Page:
/ Sysadmin

Kubernetes SSL Certificates- How to Set-up a Cluster With SSL Termination

Using Cert Manager on a Kubernetes cluster to do SSL termination.

By the end of this guide you will be able to:

  • Route SSL traffic from a domain your own (example.com) to a kubernetes cluster
  • Understand how to add additional domains to your cluster
  • Certificate renewal is automatic, handled by Cert Manager

This step by step refers to the Cert-Manager quickstart guide. Please follow that for the most up-to-date, maintained version.

1. Create a Kubernetes Cluster

First , create a kubernetes cluster (sponsored link) you can do this easily on Digital Ocean as a quick start for ~$30 a month.

2. Install Helm and Tiller

Once you've got a kubernetes cluster you need to install Helm. Helm (helps you manage Kubernetes applications) has two parts: a client (helm) and a server (tiller). You need to install teller (the server side component) in order for helm (the client) to work.

This guide follows the official helm install guide.

Once you've installed Helm, you should be able to use helm help from the command line.

Set-up Tiller Permissions

First create a service account for tiller:

kubectl create serviceaccount tiller --namespace=kube-system

The service account needs admin privileges, so to grant them to the tiller service account:

Grant the tiller service account cluster admin privileges:

kubectl create clusterrolebinding tiller-admin --serviceaccount=kube-system:tiller --clusterrole=cluster-admin

Set-up Helm

helm init "installs Tiller (the Helm server-side component) onto your Kubernetes Cluster and sets up local configuration" see man helm for more info

Init helm, which installs tiller on your kubernetes cluster:

helm init --service-account=tiller

Update the helm repository with the latest charts:

helm repo update

3. Deploy Nginx Ingress Controller

The Nginx instress controller implements the desired state set-out in a Kuberernetes Ingress Resource. Ingress resources do nothing without an ingress controller to act upon them. Nginx 'simply' makes the desired states set-out in the resource come actually 'work'. See Cert-Manager docs for mor info.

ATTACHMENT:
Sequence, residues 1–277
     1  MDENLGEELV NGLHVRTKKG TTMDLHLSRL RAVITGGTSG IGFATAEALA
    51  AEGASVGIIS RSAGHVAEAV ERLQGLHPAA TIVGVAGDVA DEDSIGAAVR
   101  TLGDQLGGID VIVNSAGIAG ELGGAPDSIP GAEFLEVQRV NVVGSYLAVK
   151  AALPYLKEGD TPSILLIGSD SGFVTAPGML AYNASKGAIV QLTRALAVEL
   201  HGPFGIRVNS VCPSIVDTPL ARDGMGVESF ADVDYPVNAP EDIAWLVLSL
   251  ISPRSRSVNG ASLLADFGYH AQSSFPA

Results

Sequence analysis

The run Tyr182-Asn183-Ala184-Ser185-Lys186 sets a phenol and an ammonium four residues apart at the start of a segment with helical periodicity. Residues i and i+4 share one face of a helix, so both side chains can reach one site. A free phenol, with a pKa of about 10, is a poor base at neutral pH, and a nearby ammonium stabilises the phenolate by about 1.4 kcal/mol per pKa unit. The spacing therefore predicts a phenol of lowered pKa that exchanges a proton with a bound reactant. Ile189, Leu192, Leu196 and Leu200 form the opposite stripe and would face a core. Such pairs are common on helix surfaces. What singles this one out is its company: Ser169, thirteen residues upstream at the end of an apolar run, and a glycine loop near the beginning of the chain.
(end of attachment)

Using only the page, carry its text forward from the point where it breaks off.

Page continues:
helm install stable/nginx-ingress --name quickstart

Eventually, your cloud provider will lease a public IP addess to your Nginx ingress controller. Until that, it will show "<pending>". To see this, and wait unti it's done do:

kubectl get -w services

quickstart-nginx-ingress-controller should eventually have an EXTERNAL-IP assigned.

4. Configure DNS to route traffic to your kubernetes ingress controller

Keep a copy of your assigned public ip from your cloud provider for the quickstart-nginx-ingress-controller service. To see it, issue: kubectl get service quickstart-nginx-ingress-controller and copy the value for EXTERNAL-IP.

Using DNS, you need to assign your domain to the ip address of your load balancer. Using an A record for example. For example, log into your domain registrar to make this change.

5. Create an example website deployment

Here we will simply deploy a web application using Nginx to serve the "It Works" default page. It could be any application.

Create an nginx deployment:

apiVersion: apps/v1 # for versions before 1.9.0 use apps/v1beta2
kind: Deployment
metadata:
  name: nginx-deployment
spec:
  selector:
    matchLabels:
      app: nginx
  replicas: 2 # tells deployment to run 2 pods matching the template
  template:
    metadata:
      labels:
        app: nginx
    spec:
      containers:
      - name: nginx
        image: nginx:1.15.11
        ports:
        - containerPort: 80

To deploy the above enter:

kubectl apply -f https://pastebin.com/raw/S2Krybf8

Create an associated service:

kind: Service
metadata:
  name: nginx-deployment
spec:
  ports:
  - port: 80
    targetPort: 80
    protocol: TCP
  selector:
    app: nginx

Apply the service:

kubectl apply -f https://pastebin.com/raw/XJwYKe68

6. Deploy Ingress Resource

You need to modify the ingress resource to your website domain name.

apiVersion: extensions/v1beta1
kind: Ingress
metadata:
  annotations:
    certmanager.k8s.io/acme-challenge-type: http01
    certmanager.k8s.io/issuer: letsencrypt-staging
    kubernetes.io/ingress.class: nginx
  name: nginx-ingress
  namespace: default
spec:
  rules:
  - host: www.example.com
    http:
      paths:
      - backend:
          serviceName: nginx-deployment
          servicePort: 80
        path: /
  tls:
  - hosts:
    - www.example.com
    secretName: quickstart-example-tls

You can edit just before applying a manifest with the --edit flag:

kubectl create --edit -f https://pastebin.com/raw/Nu6HZjhx

Now the nginx ingress controller will in the background assign an address to this ingress resource. Wait for this to complete, then an ip address will appear beneath ADDRESS for the ingress resource.
To check, run kubectl get -w ingress

Once the ingress resource has an IP, traffic can be routed to it using the ingress controller. Visit your website you should see an SSL warning:
Selection_009

This is OK because we've not installed cert manager yet. It does show that the ingress controller is set-up and running correctly though. Skip past the SSL warning and you should see the Nginx welcome page:

Selection_010

It's vital to ensure your ingress controller is working, otherwise Let's Encypt won't be able to go out over the net and fetch certificates.